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This paper uses rock-cut graffiti to examine territoriality and claims of belonging in the Attic countryside. It argues that the large number of short textual and pictorial graffiti which appear across the Attic landscape represent ways in which both citizens and non-citizens laid claim to space and negotiated personal identities. Examination of this material questions current ideas about territoriality within demes and also provides new ways to think about mobility within Attica.

Most studies of rupestral inscriptions in Attica have focused on horoi (boundary markers) and have situated these within political or economic contexts, interpreting them as ‘quasi-official’ or ‘authoritative’ texts which delineate deme boundaries (Lauter; Traill; Stanton) or private property (Ober 1981). As such, they have become integral to the debate on the territoriality of demes and closely linked to the political machinery of Athens (Thompson; pace Langdon 1985b; Lalonde 2006). But horoi are not the only form of epigraphic material which appear within the Attic landscape, and arguably not the most common: the past twenty-five years have revealed large quantities of graffiti dating to the Archaic through Hellenistic periods (Langdon 1985a; Langdon and van de Moortel; Langdon 2004, 2005). These comprise personal names, kalos inscriptions, sexual insults, abecedaria, ships, horses, dogs, footprints and phalluses carved into rocks in a variety of locations. If horoi have a quasi-official function (which is by no means certain: Ober 1995), this corpus is, by contrast, intensely personal, and interrogating it in terms of spatial dynamics, identity negotiation, and human mobility prompts a reconsideration of the nature of territoriality within Attica.

This paper therefore compares graffiti from two different Attic contexts: hillsides (Hymettos, Vari) and on streets within demes (Thorikos). Recent work has argued that the graffiti at these sites can be interpreted as a mechanism in which communities were created over space and time (Taylor); if this is the case these two case studies raise questions about the use of space, and the movement of different types of persons between it, from a non-institutional and (probably) non-elite viewpoint. Graffiti therefore define space differently to the deme acting in an official capacity. The following questions will, therefore, be posed: Why do we find relatively large quantities of writing (textual and non-verbal) in seemingly isolated places such as hillsides? To what extent are these markings similar to or different from those within a busy deme streetscape? Are they inspired by the same cultural impulses or do they negotiate space in different ways? Does the content reveal by whom – or for whom – they were made? What do these marks suggest about temporal aspects of mobility within Attica, not only to and from busy ‘industrial’ areas, but also to what appear to be out-of-the way places?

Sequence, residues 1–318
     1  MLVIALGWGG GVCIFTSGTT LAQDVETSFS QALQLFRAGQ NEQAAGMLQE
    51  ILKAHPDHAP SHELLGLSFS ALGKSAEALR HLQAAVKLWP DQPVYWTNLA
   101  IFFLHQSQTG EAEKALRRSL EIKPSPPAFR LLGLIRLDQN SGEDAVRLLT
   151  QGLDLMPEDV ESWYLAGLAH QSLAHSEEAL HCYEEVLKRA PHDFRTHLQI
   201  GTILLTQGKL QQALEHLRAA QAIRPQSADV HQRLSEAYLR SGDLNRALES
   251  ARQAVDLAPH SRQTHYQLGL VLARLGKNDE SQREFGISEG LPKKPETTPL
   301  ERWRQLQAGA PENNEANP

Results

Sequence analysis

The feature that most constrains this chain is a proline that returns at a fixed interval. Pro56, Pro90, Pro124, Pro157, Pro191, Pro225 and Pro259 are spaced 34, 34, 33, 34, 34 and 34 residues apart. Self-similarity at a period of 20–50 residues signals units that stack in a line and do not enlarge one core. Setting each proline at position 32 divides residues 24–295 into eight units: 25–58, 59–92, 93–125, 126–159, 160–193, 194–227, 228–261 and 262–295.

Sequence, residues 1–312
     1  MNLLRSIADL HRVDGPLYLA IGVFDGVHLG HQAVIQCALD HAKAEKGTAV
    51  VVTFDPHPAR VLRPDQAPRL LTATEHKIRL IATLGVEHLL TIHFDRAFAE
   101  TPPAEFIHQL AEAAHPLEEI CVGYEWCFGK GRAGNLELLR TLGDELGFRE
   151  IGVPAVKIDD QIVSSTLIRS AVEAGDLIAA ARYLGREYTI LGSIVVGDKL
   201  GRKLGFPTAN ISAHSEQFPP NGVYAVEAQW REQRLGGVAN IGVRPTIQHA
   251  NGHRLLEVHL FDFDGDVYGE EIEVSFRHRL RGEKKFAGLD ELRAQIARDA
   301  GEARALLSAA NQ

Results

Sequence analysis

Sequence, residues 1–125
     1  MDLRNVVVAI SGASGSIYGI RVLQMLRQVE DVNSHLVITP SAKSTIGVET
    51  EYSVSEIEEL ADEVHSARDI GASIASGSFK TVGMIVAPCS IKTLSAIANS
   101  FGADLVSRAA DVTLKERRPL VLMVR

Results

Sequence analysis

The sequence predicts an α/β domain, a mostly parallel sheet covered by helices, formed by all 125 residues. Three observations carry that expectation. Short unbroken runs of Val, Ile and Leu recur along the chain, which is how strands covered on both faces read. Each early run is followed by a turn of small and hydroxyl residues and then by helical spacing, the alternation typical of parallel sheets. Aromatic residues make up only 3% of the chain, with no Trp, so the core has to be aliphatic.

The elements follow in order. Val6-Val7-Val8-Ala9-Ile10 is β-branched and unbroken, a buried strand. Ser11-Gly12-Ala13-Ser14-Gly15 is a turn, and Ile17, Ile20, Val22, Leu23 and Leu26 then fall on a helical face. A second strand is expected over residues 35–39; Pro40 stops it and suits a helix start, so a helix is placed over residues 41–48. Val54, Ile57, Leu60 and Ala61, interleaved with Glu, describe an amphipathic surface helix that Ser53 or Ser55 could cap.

Recent work on graffiti has shown that this mode of writing was not necessarily an anti-social activity in the ancient world (Baird and Taylor). Therefore simply arguing that these were the subversive marks of bored peasants does not interrogate this material fully enough. Instead, here it is argued that these graffiti defined space in sophisticated ways, provided a way in which personal, sexual, and religious identities were negotiated over space and time, and demonstrate contexts of mobility within Attica. They therefore suggest that territoriality was of interest to a wider group of people than the deme qua deme alone.